Prossy’s appeal process was supported by thousands of people who heard her story. But under these new proposals it would never have happened. The Government will no longer pay anything until a Judicial Review has been approved by the High Court. In practice, no lawyer could afford to prepare and bring a complex trafficking case without knowing if they’ll ever be paid.

Another issue with the proposals is that anyone who has not been legally living in the UK for more than a year will no longer have recourse to legal aid in civil cases. Grace’s tale was provided to me by the charity Save Justice.  She was brought to the UK as a dependent on her husband’s visa. Her husband subjected her and her children to horrific physical and psychological abuse. She managed to get away from him, but he tracked her and the children down. She managed to make an application for a non-molestation order in the Family Courts. Under the proposals, Grace would have not been able to receive legal aid to apply for the order within her first year of being granted refugee status by the Home Office.

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Last week, protesters gathered outside the Old Bailey for a noisy protest against what the Government is doing. Here are a few points the speakers made:

  • Sadiq Khan said without legal aid the Birmingham Six would be in prison, while the killers of Stephen Lawrence would be free.
     
  • Shauneen Lambe, a leading child welfare lawyer, said without legal aid hundreds of vulnerable teenagers will be at risk of harm or falling into prostitution. She invited the assembled to look at the inscription on the Old Bailey’s great facade: “Defend the children of the poor and punish the wrongdoer.” “I’ve no doubt,” she said, “the Government are the wrongdoer.”
     
  • Anne Hall, the mother of Daniel Roque Hall (whose case I covered here), said her son would probably be dead without legal aid.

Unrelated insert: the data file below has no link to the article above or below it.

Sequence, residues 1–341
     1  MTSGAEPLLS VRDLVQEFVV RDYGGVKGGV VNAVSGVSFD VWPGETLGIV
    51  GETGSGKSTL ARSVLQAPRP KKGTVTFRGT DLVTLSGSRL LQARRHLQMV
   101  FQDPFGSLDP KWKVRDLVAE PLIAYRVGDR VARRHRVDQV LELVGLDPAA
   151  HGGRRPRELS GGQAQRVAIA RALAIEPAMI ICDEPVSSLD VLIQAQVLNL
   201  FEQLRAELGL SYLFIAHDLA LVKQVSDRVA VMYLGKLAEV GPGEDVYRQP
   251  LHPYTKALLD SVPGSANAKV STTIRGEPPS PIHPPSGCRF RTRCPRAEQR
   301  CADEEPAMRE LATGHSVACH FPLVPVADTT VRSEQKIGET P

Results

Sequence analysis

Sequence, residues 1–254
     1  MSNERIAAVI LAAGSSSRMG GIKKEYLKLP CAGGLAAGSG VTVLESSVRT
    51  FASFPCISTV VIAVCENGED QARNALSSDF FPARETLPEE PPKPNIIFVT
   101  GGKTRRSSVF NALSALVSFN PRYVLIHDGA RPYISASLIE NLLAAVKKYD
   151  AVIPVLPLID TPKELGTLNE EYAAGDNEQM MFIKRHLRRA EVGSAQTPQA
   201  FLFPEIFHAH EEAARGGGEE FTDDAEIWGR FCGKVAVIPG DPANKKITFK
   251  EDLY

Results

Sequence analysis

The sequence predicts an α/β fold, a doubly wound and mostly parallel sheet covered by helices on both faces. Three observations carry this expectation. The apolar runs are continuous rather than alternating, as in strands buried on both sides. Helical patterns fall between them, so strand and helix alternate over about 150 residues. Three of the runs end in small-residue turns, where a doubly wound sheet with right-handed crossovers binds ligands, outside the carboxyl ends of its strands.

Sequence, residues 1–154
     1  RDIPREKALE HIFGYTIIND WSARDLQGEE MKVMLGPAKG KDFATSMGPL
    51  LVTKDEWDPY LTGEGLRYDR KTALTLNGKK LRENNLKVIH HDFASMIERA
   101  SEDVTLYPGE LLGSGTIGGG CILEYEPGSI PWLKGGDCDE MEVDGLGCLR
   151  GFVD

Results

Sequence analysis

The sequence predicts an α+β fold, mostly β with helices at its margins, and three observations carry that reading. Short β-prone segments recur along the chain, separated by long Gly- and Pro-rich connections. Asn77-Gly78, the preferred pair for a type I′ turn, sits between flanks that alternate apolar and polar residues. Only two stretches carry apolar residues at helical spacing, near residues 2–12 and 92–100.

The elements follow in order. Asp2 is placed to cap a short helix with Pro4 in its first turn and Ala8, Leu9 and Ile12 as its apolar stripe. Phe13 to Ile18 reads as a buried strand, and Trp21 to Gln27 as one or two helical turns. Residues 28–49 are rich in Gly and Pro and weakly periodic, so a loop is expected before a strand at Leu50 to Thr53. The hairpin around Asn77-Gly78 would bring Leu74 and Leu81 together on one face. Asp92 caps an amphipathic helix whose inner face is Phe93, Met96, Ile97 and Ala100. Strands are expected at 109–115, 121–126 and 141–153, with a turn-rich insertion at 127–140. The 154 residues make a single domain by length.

So you have to ask why the Government is carrying out a policy that even the Attorney General has refused to endorse. Last November, Chris Grayling ordered an “immediate examination” of the legal aid system following the trial of Abu Hamza. Since then Save Justice has been attempting to use the Freedom of Information Act to find out the terms of reference for it.

To date the MoJ has refused to answer the question three times using section 35 of the Freedom of Information Act - basically saying that the grounds for the formulation of the policy need protecting. A review by the Information Commissioner’s Office has now been requested. But this has been going on since November last year, so how much "safe space" does Grayling need? Shouldn't this investigation be happening by now? Did he opportunistically use Abu Hamza as a stick to bash legal aid without thinking about the implications of criticising, er, the right to a fair trial, which is a pretty basic tenet of our law? Surely not.

This is barely an issue of left or right wing politics. Contrary to the boneheaded wailing of some self-professed right wingers this is simply an issue of basic humanity in a modern, civilised, nominally Christian country that doesn’t wish to be a pariah state.

UPDATE 06/08/2013 08:00

A Ministry of Justice spokesman said:

This Government is determined to tackle the trafficking and exploitation of vulnerable men and women. It is vital that victims of trafficking receive specialised support and counselling, which is why the Government now provides £3 million a year to help victims of this merciless exploitation. Funding these experts means that hundreds of trafficking victims have been given invaluable support and a real chance to recover, while our work to raise awareness of trafficking means we are getting better at identifying victims and going after those who profit from this human misery. The proposed legal aid reforms would not impact on trafficking victims in the way suggested. We are determined to bring down the cost of legal aid, but not at the expense of the most vulnerable. Contrary to suggestions here legal aid would continue to be available for the initial stages of a judicial review case, and where victims of trafficking were seeking to claim asylum they would be exempt from the proposed residence test. Those who did not meet this residence test would also be entitled to apply for exceptional funding. England and Wales has one of the most expensive legal aid systems in the world and our reforms intend to ensure we get best value for every penny of around £2 billion a year of taxpayers' money we spend on it. We have been very clear we are listening to views from the consultation and are now carefully considering all of the responses before taking final decisions.

The Ministry of Justice in London. Photograph: Getty Images

Alan White's work has appeared in the Observer, Times, Private Eye, The National and the TLS. As John Heale, he is the author of One Blood: Inside Britain's Gang Culture.

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Air pollution: 5 steps to vanquishing an invisible killer

A new report looks at the economics of air pollution.